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The "Ages" of Myst are the playground of the adventure game fanatic. The game play requires problem-solving skills and patience beyond some players' capacity. There is no "immediate" reward in the series, but solving puzzles create a wonderful feeling of accomplishment in a player who desires more from the gaming experience than blowing away Ewoks. Myst IV is a wonderful continuation of the series -- or a great gateway game for those who want to get into the series -- and I highly recommend it for fans of the adventure genre or people looking for a new experience in gaming.
True, spending hours solving puzzles and reading page after page of journal entries isn't everyone's bag. But for those who love Myst and everything it represents, the latest iteration in the series is what they live for. It addresses many of the issues which plagued earlier installments, mainly the mind-detonating difficulty of Riven, and strikes a balance between the logical and the obscure. It delves deeper into mythos of the Myst universe through a captivating story while still providing enough cushion for beginners. It's also one of the most visually stunning and aurally pleasing "classic" adventure games, since, well, ever.
While there are those that will inevitably complain about the conversion from the PC to the Xbox and how much resolution and control is lost, Xbox gamers will find much to be awed by in the true sense of the word. And the $20 price tag makes it that much more compelling. People who favor puzzles and exploration – or those who’ve long since forgotten the classic PC game series in the move to consoles, cushy club chairs and big screen TVs would do well to rediscover that Myst magic.
If you’re looking for a classic point-and-click adventure chock full of excellent puzzles and a great story then Myst IV is a game you should consider buying. A few imperfections aside, the game is an enjoyable experience for those willing to put up with its slow pace and vast locales.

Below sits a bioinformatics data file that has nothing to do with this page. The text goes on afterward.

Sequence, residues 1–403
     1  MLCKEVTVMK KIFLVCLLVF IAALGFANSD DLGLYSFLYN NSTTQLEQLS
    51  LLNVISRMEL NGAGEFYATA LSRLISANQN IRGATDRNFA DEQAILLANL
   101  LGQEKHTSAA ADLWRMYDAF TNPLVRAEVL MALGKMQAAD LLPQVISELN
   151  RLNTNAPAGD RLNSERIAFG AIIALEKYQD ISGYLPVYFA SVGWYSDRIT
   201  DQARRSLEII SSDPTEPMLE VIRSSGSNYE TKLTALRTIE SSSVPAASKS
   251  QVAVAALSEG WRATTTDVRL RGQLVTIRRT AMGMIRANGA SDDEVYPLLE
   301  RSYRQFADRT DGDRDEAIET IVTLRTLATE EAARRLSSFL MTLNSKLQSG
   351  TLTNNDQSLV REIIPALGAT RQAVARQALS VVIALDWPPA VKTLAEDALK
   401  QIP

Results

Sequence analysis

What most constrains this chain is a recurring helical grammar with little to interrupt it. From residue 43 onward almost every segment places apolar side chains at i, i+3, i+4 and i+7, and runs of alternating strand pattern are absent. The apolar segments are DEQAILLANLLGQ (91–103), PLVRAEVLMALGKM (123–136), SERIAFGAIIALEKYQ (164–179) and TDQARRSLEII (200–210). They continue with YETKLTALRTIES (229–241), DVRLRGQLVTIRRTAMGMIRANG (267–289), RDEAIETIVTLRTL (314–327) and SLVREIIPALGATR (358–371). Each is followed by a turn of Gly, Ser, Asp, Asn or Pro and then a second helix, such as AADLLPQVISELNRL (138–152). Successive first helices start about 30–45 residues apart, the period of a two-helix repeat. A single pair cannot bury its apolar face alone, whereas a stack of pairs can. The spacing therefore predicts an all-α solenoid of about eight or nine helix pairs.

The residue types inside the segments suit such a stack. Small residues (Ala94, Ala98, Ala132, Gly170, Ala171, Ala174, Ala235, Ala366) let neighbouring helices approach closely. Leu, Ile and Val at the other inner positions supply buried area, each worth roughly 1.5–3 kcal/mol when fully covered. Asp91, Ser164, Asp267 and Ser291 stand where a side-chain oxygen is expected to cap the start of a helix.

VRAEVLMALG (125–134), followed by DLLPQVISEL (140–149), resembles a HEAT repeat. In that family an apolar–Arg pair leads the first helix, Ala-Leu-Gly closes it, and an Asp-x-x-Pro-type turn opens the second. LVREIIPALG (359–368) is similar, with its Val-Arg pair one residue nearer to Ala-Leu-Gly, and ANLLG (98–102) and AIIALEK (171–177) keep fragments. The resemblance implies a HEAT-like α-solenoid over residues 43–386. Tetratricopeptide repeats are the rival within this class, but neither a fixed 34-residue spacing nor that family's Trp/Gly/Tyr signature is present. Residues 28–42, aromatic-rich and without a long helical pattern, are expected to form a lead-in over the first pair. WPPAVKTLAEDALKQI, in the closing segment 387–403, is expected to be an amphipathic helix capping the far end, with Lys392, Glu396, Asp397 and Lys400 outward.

Your enjoyment of Myst IV will depend upon what type of gamer that you are. If you appreciate good mental exercise and tough puzzles, and have the patience for a slower pace of gameplay, then Myst IV is definitely worth your time. Keep in mind that the game is more in its element on a PC, though. If you lose patience with games after a couple of hours of play, though, Myst IV is definitely not for you. It is a very rewarding game for those who put the time and effort into it, for others it will be far too slow and frustrating.
Did I mention that Myst IV Revelation is only $20? Well with that being said if you are a fan of the series or of the adventure genre then this are definitely worth your hard earned twenty bucks. But if you just don't want to use your mind any more then you have to then this game is probably not for you. For me I found it quite enjoyable and for twenty bucks it just seems like an extremely good deal.
Myst IV packs in a lengthy, memorable journey that's liable to last for days, if not weeks, before it finally reaches a climactic moment that's quite a payoff for all your effort. And it truly does feel like the end of a journey when it happens. Myst has always been an experience as much as a game. Though the series has spawned countless imitators in the adventure genre, it has continued to stand tall among them thanks to its highly cohesive design and relentless attention to artistic quality. Interestingly, Myst IV is the first game in the series that was developed at Ubisoft Montreal, a studio that's best known for making Tom Clancy's Splinter Cell. Nevertheless, the developers at Ubisoft Montreal have produced in Myst IV a sequel that carries on the series' high standards. If you're open to a new kind of experience on your Xbox and don't have the means to play the PC version of the game, this one is worthwhile.
However, despite some improvements, the navigation is simply too clunky and unnatural for Revelation to appeal to anyone but fans of the series. With technology fast improving, it's time the team at Ubisoft took a few more risks with the formula and capitalized on the opportunities that weren't present at the time of Myst's inception—interactive worlds, lifelike physics, advanced artificial intelligence, etc. In the meantime though, Myst IV serves at least as a pleasant reminder that there's more to videogames than "ka-blammo!"
It hurts deep inside my soul to see this pockmark on the face of the Myst franchise. It's not as if the game itself is bad, it's that the technology is so horribly mangled that the delicious puzzle-laden universe is almost unplayable on Xbox.